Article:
Good morning ladies and gentleman. I’m very pleased to be addressing this conference today, thank you for inviting me to speak once again.
As you know I am here to talk about a brighter future for our sector. I am a passionate believer in the value that we bring to our customers and to wider society, and I would dearly love to come here with a positive message about the great things we are doing and the renewed signs of life in our sector.
But when thinking about what to say, as I look back over developments in the past year, I have to say we still have a lot of work to do to make our market good again.
Last year, I spoke about the toxic cocktail that the private healthcare sector faces - rising costs, a lack of innovation and a seeming inability to prove and communicate the quality of care that we deliver – convincing customers of the value of choosing private healthcare, when they have a free at the point of use alternative in the NHS.
So this year, surely we should have reasons to believe in a brighter future for our sector? After all, the UK economy is growing at the fastest rate of the advanced economies, our country’s population growth has reached record levels and employment is also at a record high.
But, our market is not showing such signs of fast growth.
In fact, the private healthcare sector is in no better place than it was a year ago. The challenges are real and the need for fundamental reform is as pressing as ever.
We don’t yet have the latest analysis of the market from Laing Buisson, which they may speak about in the next session, but we expect them to report a further decline, with the lowest ever proportion of lives covered in the UK population. Another year of decline and of a shrinking market. This is both a threat to our sector from a commercial perspective and ultimately, a betrayal of our purpose – denying more patients the opportunity to benefit from the great healthcare that we can deliver for them.
However, there are some signs of change in the market. Even with the ongoing Competition and Markets Authority review of the Central London market, some progress is being made to embed the CMA’s ruling to improve information, quality and transparency for customers.
We are making progress to contain our costs. We are making progress to publish better information about doctors, hospital outcomes and costs through the Private Healthcare Information Network, which has been enshrined in law. These both will help our market and are fundamental elements to ensure its future survival.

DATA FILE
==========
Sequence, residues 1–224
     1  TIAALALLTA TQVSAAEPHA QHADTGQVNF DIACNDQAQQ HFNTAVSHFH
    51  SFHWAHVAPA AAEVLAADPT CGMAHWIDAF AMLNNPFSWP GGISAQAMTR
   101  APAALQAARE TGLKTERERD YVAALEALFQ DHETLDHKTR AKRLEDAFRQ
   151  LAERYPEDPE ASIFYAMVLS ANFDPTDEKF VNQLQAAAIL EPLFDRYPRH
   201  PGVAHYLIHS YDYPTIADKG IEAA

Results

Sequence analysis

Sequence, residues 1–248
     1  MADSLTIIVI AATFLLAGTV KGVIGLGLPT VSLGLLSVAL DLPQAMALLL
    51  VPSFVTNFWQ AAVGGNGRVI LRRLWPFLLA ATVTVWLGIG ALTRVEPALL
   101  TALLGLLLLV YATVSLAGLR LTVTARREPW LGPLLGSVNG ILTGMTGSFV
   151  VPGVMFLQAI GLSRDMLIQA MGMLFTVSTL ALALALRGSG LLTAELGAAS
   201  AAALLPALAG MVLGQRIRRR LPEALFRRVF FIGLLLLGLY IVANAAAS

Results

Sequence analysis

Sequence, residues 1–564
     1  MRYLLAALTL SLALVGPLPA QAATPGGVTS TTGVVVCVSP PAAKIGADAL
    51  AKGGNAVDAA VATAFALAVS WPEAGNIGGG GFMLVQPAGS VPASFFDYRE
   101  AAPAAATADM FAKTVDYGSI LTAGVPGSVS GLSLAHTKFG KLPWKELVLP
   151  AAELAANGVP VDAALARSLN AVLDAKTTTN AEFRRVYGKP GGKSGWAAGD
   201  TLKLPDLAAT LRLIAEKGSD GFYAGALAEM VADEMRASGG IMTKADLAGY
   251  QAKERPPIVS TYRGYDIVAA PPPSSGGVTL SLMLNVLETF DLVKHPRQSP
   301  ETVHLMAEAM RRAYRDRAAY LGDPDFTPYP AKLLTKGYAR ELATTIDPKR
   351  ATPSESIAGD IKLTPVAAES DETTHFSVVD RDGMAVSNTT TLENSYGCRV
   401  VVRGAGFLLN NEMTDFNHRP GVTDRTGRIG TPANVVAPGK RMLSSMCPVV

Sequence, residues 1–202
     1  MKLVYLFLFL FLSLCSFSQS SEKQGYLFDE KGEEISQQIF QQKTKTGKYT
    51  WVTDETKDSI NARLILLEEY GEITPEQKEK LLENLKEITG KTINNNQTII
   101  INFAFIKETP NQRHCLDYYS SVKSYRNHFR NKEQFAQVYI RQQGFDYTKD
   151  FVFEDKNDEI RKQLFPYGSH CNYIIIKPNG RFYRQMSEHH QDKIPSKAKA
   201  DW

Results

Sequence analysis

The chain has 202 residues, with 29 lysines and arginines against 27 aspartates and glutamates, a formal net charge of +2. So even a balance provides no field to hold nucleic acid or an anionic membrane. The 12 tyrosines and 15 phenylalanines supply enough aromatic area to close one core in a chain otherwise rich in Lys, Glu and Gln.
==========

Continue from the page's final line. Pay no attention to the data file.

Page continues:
The fact that progress is being made in these vital measures is heartening. Because let’s not forget the most important message from the CMA market investigation. Customers are losing out. If we do not change, make no mistake, they will, as we have seen for years, continue to walk away. To be frank, in the face of this our actions appear to be complacent as a sector.
And let us not forget this is happening against a backdrop of enormous financial burdens on a creaking public healthcare system. I’m sure we have all read the figures – our public system is facing a £30billion per year funding gap by 2020, some say it’s nearer to £40bn. The government may have committed to add £8bn of extra funding, but the system still needs to find efficiencies of some £22bn. And this is on top of another £20bn efficiency drive that the NHS has just completed.
With the best will in the world, the sums simply don’t add up. Private funding could really help the public system, but we haven’t grasped the opportunity to grow and play our part in making healthcare in the UK sustainable.
We face into both the public and private health systems; and we cannot be complacent about the future of either.
But, I wouldn’t be standing here today if I did not believe in a brighter future for private healthcare. I have a genuine desire to see a growing UK private system delivering world-class care.
So now, I want to focus on the opportunity.